I See Parts of Myself in Stacey Abrams

My mother has been talking my ear off for months about the Georgia gubernatorial primary. Sometimes I've listened politely. Often I've paid little attention, only offering a (hopefully) conversationally-appropriate "mmmhmm" when she paused. Why? I adore my mother, but in my own mind I figured, "There's no way a black woman is going to win this primary, so why is Brenda getting all worked up about this?" Against my best efforts to ignore this race, thanks to my mother I sort of know who endorsed whom, who said what, and who did what clumsy or offensive thing. I know that "White Stacey" grew up in a trailer park, and that my mother was sick of hearing about White Stacey's humble roots. I guess she talked about it a lot? Certainly she spoke about it enough to irritate my mother. (Btw, "Black Stacey"/"White Stacey" isn't solely my mother's linguistic quirk. That's how people back home distinguished the two of them.) All that to say I've heard more than I cared to about the Democratic primary for this race. And then Stacey Abrams, Black Stacey, won.

A few days ago, my friend Jonathan asked me a question about ethics and representation in order to frame work he's thinking through. I won't say more than that about his project in progress since I don't have his permission. But the question sent me back to the dissertation on political representation and minorities (Representation and the Interests of Political Minorities) that I abandoned* as soon as I completed it. While I don't think that Jonathan was specifically thinking about the realm of politics, his question to me returned my own thinking to the nature of representation.

This brings me back to the Abrams primary victory. In the strict political sense, it is clear that Abrams won the right to "represent" the Georgia Democrats in the general election for governor. But, while her victory would be historic, not only in Georgia but in the nation, part of the "bigness" of her victory would be, for some, connected to ideas about representation. I'll call myself a Georgian until the day I die, but I'm not registered to vote there. And at this point in my life, I've live outside of Georgia longer than I ever lived in Georgia. So I don't care whether Abrams would represent me as a Georgian, although I am quite proud that Georgia will potentially be the place that elects the first black woman governor.

It matters to me that Abrams is a black woman with an advanced degree, who has struggled financially, and whose single status has been used as a proxy for her sexual orientation (read: lesbian). She embodies the impossible place where a lot of black women find ourselves. She earned the right degrees from the right schools. She had a "good" job. But, she's been criticized for maybe being a little "too" ambitious--a turnoff to potential voters and potential husbands alike. And we all know that for a woman, getting married is the second most important thing she can possibly do. The most important thing is to become a mother--but only within the bonds of holy, heterosexual matrimony. At the same time, black women are constantly told that no one wants us--especially those of us with advance degrees. Yet, even though supposedly no one wants us, not being married by a certain age (35?) means that something (beyond our general state of unwantedness, which is our responsibility to somehow overcome) is "wrong" with us, and that "something" often suspected to be lesbianism.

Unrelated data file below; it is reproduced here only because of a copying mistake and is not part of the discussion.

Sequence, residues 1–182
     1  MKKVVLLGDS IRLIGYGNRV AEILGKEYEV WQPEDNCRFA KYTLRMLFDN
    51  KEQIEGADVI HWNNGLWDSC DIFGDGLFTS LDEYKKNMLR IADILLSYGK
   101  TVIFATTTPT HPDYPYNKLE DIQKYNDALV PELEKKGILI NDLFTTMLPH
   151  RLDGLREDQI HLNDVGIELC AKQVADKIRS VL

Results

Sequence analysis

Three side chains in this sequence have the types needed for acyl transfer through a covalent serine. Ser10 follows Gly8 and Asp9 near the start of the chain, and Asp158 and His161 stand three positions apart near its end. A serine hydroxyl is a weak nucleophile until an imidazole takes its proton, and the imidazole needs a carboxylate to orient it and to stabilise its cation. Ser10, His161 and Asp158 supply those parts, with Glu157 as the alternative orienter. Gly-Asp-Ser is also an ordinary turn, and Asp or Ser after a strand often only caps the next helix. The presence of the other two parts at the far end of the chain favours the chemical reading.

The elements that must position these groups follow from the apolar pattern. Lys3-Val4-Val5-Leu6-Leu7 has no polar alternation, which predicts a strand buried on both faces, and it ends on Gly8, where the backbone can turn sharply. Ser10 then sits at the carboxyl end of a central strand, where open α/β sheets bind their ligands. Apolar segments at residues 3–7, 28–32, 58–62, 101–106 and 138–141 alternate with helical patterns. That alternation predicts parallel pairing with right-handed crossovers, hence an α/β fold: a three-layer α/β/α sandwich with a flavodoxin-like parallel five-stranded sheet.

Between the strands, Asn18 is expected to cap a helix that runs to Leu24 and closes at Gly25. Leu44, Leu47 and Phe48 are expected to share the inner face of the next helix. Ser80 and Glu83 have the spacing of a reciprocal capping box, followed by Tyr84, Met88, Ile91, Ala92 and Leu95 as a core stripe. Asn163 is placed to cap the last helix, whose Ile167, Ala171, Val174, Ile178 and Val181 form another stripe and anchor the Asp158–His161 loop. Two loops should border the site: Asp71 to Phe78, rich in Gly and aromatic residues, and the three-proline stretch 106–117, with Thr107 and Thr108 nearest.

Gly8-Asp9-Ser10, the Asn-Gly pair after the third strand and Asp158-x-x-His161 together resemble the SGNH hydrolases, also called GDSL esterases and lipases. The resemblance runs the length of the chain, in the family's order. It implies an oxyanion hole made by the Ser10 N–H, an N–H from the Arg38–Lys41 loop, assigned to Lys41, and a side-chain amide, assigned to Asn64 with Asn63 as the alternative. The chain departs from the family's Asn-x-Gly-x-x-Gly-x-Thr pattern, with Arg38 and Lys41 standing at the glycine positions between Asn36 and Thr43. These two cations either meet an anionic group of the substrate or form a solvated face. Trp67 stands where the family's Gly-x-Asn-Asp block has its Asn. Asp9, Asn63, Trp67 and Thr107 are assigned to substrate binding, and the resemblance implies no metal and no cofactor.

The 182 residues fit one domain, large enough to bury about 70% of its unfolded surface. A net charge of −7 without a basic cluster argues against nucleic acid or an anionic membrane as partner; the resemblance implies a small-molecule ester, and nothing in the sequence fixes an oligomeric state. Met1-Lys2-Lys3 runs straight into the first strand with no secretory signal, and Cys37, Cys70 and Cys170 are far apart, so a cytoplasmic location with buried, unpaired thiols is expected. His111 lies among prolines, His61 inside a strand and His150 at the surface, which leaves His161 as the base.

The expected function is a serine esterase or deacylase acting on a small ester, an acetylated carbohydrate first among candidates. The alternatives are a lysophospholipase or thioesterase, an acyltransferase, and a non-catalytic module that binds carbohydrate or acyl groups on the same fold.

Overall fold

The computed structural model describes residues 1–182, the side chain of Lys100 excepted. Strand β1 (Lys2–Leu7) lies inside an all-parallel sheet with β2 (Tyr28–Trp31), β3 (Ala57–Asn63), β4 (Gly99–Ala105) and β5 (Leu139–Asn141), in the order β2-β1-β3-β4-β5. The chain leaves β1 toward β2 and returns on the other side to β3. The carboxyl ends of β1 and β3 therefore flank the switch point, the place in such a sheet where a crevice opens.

The "accusation" of lesbianism is used to silence outspoken women ("Don't call yourself a feminist or else people will think you're a lesbian, and no man will marry you!") or to "shame" single women over a certain age ("Maybe you're really a lesbian. That would explain why you look, think, dress, act, talk, and generally exist in ways that aren't appealing to men!"). That is how sexism and heterosexism intertwine in the lives of outspoken (especially) single black women, and I'm incredibly proud that Abrams didn't take the bait. In a place as conservative as Georgia, it would be easy and politically expedient proclaim from the mountain tops that she is a straight woman and to distance herself from some of the positions she's taken on equality. Yet, she is an unapologetic LGBTQ+ ally.

I see parts of myself in Abrams. I made a strong argument for what political representation does for those of us who historically have had little to no access to political power in the dissertation that I didn't think was good enough to turn into a larger project. Perhaps I might have made a different decision if, in my own spaces, I'd seen it done by someone like Abrams. And that in itself is significant.     

*I abandoned it as soon as I completed it because I didn't think it mattered. I knew the topic was important, but I wasn't confident in my work. I came across it not too long ago, started reading it and thought, "Damn, this was actually pretty good!" A missed opportunity? Maybe. But that's another post for another day.

Yolonda Wilson